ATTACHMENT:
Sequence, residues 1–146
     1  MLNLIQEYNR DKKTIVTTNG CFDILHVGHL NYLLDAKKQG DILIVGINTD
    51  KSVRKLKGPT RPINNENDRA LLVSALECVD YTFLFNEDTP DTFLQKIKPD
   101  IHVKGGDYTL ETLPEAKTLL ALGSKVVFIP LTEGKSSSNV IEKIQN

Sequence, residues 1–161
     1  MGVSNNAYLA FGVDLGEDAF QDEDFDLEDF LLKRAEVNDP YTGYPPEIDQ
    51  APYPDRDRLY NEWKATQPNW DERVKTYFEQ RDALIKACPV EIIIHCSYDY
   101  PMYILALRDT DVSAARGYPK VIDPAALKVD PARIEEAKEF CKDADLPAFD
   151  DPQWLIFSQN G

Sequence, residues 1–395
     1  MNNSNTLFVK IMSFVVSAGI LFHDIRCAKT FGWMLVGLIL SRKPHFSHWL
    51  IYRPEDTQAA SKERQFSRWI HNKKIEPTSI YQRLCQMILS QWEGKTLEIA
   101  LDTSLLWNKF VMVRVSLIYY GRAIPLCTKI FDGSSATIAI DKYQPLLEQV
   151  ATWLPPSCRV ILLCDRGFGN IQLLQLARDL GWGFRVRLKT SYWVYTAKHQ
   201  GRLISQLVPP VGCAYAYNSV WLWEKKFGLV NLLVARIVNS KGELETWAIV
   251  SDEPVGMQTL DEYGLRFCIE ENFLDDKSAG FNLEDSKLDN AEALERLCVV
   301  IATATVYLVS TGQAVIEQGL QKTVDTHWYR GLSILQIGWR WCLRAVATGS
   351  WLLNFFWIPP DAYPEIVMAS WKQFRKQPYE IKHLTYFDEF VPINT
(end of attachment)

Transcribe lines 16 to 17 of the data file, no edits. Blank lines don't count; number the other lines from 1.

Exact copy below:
   251  SDEPVGMQTL DEYGLRFCIE ENFLDDKSAG FNLEDSKLDN AEALERLCVV
   301  IATATVYLVS TGQAVIEQGL QKTVDTHWYR GLSILQIGWR WCLRAVATGS